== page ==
E. Coli Detected in Haines’ Water Supply

Haines residents are being told to boil their drinking water after E. coli was found in the municipal water system.

Download Audio

Local officials issued the notice Wednesday after a routine test turned up the bacteria.

Haines Borough Manager David Sosa says officials think the contamination might come from a spring that feeds into the water system.

“There could be a septic system that’s leaking into it. There are a number of other options it could be. And we want to make sure we hit the right answer on this.”

He says the community’s main water source is a lake south of town. If tests show it’s clean, it can supply the whole community, without the spring-fed system.

“What we can do is cut off the water from that system, introduce more chlorine into the system, purge the entire system and then fill the system up. That would take time but that’s the safest and best action we can take  for the community.”

Residents are being told to boil their water for two minutes, which will kill off the bacteria. Some are also using bottled water.

E. coli can cause diarrhea, cramps and vomiting. Young children, older people and those with weak immune systems can experience kidney failure.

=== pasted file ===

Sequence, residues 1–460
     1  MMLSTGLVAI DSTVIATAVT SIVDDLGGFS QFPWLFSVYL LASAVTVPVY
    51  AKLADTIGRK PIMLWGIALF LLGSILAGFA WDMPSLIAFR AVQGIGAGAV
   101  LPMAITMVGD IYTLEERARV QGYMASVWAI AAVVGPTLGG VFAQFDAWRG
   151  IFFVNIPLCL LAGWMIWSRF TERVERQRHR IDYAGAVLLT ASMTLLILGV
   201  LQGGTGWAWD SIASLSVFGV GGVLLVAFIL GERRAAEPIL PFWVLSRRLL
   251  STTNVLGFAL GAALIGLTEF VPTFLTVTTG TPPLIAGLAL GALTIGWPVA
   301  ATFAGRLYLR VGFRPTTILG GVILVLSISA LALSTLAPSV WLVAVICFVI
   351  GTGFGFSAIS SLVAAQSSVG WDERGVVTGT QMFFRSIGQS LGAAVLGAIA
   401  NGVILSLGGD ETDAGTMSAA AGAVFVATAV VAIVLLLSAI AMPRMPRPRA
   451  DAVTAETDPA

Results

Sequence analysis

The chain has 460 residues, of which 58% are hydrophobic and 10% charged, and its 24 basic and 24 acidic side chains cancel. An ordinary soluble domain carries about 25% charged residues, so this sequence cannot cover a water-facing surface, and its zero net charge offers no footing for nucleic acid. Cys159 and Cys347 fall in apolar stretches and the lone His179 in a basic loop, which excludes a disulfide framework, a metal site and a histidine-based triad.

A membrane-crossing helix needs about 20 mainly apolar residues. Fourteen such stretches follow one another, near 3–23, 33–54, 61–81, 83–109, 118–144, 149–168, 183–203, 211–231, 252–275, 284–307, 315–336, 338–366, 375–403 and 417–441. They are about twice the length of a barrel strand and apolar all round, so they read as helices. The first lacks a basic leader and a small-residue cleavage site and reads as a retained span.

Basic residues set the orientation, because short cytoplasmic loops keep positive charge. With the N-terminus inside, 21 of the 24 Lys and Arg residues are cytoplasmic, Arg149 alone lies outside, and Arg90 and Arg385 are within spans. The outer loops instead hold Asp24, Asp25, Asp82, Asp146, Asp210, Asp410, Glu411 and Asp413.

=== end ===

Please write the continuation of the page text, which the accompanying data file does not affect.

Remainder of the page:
Borough Manager Sosa says informational fliers were posted around Haines and delivered door-to-door. He also informed the local clinic.

“I went over to SEARHC and I spoke with the administrator there and with the staff so I could advise them of the situation so they could be prepared to look for potential symptoms that might be associated with this.”

Officials are unsure how long it will take to drop the boil-water notice. But it could easily last through the weekend.

SHARE
Previous articleHistoric Juneau park becomes an oasis for Alaska artists
Next articleSoldotna Lodge Opens Doors to Fire Victims 2 Years Running
Ed Schoenfeld is Regional News Director for CoastAlaska, a consortium of public radio stations in Ketchikan, Juneau, Sitka, Petersburg and Wrangell. He primarily covers Southeast Alaska regional topics, including the state ferry system, transboundary mining, the Tongass National Forest and Native corporations and issues. He has also worked as a manager, editor and reporter for the Juneau Empire newspaper and Juneau public radio station KTOO. He’s also reported for commercial station KINY in Juneau and public stations KPFA in Berkley, WYSO in Yellow Springs, Ohio, and WUHY in Philadelphia. He’s lived in Alaska since 1979 and is a contributor to Alaska Public Radio Network newscasts, the Northwest (Public Radio) News Network and National Native News. He is a board member of the Alaska Press Club. Originally from Cleveland, Ohio, he lives in Douglas.